investigate the potential neuroprotective effects of Se nanoparticles (NPs). Firstly, we synthesized EGCG-stabilized SeNPs ([email protected] Se). Then we synthesized [email protected] coated with Tet-1 peptide ([email protected]) considering the following advantages of Tet-1 peptide: Tet-1, a 12-amino acid peptide that has the binding characteristics of tetanus toxin, was identified by Boulis and workers through phage display.31,32 It can interact specifically with neurons with the capability of retrograde delivery in the neuronal cells. The amino acid sequence of Tet1 peptide is “HLNILSTLWKYR”,31−33 identified by Liu et al. Here, we reported on the interactions between [email protected] and Aβ. To compare the specificity of Aβ fibril affinity, citric acid stabilized SeNPs ([email protected]) have been used here. We further investigated the cellular uptake of [email protected] in PC12 cells by inductively coupled plasma atomic emission spectrometry (ICP-AES) analysis. Our results reveal that the selenoprotein analogue [email protected] can label the Aβ fibrils with a high affinity, inhibit Aβ fibrillation, disaggregate preformed Aβ fibrils, and also target PC12 cells.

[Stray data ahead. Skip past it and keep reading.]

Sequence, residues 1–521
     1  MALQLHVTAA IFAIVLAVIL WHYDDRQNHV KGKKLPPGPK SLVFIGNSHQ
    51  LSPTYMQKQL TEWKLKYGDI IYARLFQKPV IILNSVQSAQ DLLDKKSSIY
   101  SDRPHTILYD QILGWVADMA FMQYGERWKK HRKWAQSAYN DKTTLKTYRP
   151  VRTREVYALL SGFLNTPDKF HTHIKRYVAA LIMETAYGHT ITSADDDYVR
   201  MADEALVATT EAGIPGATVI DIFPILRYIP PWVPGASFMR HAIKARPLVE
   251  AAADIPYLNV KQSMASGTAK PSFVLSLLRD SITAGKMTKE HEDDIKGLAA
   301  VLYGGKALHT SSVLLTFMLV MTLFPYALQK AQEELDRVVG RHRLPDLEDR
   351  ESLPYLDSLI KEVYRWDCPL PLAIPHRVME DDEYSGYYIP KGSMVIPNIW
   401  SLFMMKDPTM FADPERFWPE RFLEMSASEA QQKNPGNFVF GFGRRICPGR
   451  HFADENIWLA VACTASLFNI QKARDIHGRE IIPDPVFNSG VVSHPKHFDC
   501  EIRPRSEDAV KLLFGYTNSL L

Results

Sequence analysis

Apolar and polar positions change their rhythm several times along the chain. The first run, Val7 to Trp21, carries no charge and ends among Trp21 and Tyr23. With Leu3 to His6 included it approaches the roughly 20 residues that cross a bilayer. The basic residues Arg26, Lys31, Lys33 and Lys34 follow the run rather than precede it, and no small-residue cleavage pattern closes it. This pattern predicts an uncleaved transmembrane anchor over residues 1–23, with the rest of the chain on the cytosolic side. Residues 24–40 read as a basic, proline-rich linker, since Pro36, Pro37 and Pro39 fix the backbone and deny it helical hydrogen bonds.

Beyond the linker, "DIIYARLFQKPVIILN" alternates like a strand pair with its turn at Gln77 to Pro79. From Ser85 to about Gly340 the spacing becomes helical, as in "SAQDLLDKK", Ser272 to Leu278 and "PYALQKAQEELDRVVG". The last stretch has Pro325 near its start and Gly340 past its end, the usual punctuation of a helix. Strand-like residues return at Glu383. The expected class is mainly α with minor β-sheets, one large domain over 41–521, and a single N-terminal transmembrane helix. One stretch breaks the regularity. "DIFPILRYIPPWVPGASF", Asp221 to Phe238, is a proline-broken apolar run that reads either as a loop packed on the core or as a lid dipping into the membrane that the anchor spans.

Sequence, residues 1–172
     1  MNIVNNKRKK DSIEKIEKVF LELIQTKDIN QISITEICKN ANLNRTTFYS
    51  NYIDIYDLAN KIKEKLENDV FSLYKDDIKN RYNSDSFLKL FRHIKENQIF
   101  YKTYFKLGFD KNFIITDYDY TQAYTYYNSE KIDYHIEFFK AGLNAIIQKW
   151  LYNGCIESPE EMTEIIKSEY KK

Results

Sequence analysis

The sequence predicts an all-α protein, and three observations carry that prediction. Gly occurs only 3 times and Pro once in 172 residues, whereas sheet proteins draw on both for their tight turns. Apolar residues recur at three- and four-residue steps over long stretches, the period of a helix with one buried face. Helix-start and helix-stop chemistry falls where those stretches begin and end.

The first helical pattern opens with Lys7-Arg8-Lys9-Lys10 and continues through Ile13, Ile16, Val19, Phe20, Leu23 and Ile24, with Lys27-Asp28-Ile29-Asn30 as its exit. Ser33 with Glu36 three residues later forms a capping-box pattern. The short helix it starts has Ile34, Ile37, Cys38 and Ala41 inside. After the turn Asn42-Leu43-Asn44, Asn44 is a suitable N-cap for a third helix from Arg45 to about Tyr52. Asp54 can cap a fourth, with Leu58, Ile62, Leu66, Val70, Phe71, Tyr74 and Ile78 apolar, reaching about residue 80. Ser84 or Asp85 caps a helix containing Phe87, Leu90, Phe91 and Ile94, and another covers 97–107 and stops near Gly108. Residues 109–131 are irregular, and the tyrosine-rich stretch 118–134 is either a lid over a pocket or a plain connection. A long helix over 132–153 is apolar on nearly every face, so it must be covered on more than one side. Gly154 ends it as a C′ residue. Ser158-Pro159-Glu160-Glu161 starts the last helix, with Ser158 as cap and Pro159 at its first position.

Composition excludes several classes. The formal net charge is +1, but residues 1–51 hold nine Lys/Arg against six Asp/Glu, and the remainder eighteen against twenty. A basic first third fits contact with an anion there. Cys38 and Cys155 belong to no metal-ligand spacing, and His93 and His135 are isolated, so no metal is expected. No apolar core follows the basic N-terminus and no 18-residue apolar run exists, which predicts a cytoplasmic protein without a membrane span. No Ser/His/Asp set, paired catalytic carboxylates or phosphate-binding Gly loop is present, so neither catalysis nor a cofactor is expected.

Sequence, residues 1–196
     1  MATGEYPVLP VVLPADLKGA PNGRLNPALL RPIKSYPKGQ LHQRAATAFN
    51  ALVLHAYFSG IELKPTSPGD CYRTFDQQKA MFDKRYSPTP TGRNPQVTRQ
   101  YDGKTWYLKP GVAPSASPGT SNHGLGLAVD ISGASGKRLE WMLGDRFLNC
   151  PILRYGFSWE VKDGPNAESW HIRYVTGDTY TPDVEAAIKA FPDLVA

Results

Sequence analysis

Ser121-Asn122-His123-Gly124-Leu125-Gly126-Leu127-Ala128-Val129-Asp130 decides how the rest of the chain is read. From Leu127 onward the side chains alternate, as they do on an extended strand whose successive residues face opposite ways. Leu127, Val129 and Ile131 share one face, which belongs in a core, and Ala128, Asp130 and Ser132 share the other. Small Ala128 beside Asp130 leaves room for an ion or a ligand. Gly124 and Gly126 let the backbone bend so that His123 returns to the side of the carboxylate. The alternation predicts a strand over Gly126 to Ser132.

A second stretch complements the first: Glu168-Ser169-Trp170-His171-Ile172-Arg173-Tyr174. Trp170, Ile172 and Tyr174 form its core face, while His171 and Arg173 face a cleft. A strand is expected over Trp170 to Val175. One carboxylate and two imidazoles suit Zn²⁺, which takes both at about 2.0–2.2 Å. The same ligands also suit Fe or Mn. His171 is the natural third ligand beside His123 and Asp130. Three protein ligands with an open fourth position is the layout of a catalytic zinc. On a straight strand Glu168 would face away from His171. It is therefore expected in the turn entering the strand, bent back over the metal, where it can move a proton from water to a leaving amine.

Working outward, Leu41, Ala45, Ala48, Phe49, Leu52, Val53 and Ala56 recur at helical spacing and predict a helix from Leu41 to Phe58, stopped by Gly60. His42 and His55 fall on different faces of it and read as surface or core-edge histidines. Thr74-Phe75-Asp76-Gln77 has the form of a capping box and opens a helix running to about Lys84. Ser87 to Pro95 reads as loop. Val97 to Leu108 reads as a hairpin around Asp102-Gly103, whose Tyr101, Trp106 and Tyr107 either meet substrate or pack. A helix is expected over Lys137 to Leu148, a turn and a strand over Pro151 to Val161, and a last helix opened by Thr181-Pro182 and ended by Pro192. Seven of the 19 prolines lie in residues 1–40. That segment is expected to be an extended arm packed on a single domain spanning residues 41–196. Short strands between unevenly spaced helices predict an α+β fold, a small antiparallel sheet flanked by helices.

2. EXPERIMENTAL SECTION 2.1. Materials and Reagents. Sodium selenite (Na2SeO3) was purchased from Sigma-Aldrich Chemical Co. Amyloid-β (Aβ1‑40) and Tet-1 peptides (HLNILSTLWKYR) were synthesized by solid-phase Fmoc chemistry at GL Biochem Ltd. (Shanghai, China). The final sample was verified by electrospray ionization mass spectrometry. 2′,7′-Dichlorodihydrofluorescein diacetate (DCFH-DA), bicinchoninic acid (BCA) kit for protein determination, and epigallocatechin-3gallate (EGCG; 98% purity) were purchased from Sigma. A terminal transferase dUTP nick end labeling (TUNEL) assay kit was obtained from Roche Applied Science (Basel, Switzerland). Fetal bovine serum (FBS) and horse serum were purchased from Gibco (Life Technologies AG, Zug, Switzerland). Dulbecco modified Eagle’s medium (DMEM) was purchased from Invitrogen Corp. 3-(4,5Dimethylthiazol-2-yl)-2,5-diphenyltetrazolium bromide (MTT), 4′,6diamidino-2-phenylindole (DAPI), and thioflavine T (ThT) were from Sigma (St. Louis, MO). All reagents and solvents were purchased commercially and used without further purification unless specially noted. Peptides were prepared as indicated in the literature.34−36 Briefly, powdered Aβ was first dissolved in 1,1,1,3,3,3-hexafluoro-2-propanol (HFIP) at a concentration of 1 mg mL−1. The solution was shaken at 4 °C for 2 h in a sealed vial for further dissolution and was then stored at −20 °C as a stock solution. Before use, the solvent HFIP was removed by evaporation under a gentle stream of nitrogen, and the peptide was prepared by dissolving Aβ (0.5 mM) in phosphate-buffered saline (PBS; 10 mM, pH 7.4) and sonicating it for 1 min in a water bath. This solution was diluted with water (500 μL), sonicated for 1 min, adjusted to pH 7.4 using NaOH (0.5 M ) and HCl (0.5 M), and then filtered through a 0.22 μm filter (Millipore). Aβ-related experiments were performed at least in triplicate with the discrepancy between individual values less than 5%. 2.2. Preparation of [email protected] and the Coating of Tet-1 Peptides. [email protected] was prepared as follows. Six NP formulations were prepared for the study with various ratios of EGCG to Na2SeO3. Formulations prepared for this study were 10:1, 8:1, 6:1, 4:1, 2:1, and 1:1 (EGCG to Na2SeO3 on a molar basis). Na2SeO3 was first solubilized in a water-in-ethanol solution (step 1). Anhydrous EGCG was added to the materials in step 1 and cosolubilized by mixing at room temperature (step 2). [email protected] was produced by adding distilled water while materials were mixed for 2 h (step 3). For the coating of Tet-1 peptides with [email protected], the cosolubilization methodology and electrostatic bonding effect were employed in the latter experiment. Briefly, the synthesized [email protected] was dissolved with Milli-Q water at a suitable concentration, and then an aqueous solution of Tet-1 peptides was added to the solution slowly 8476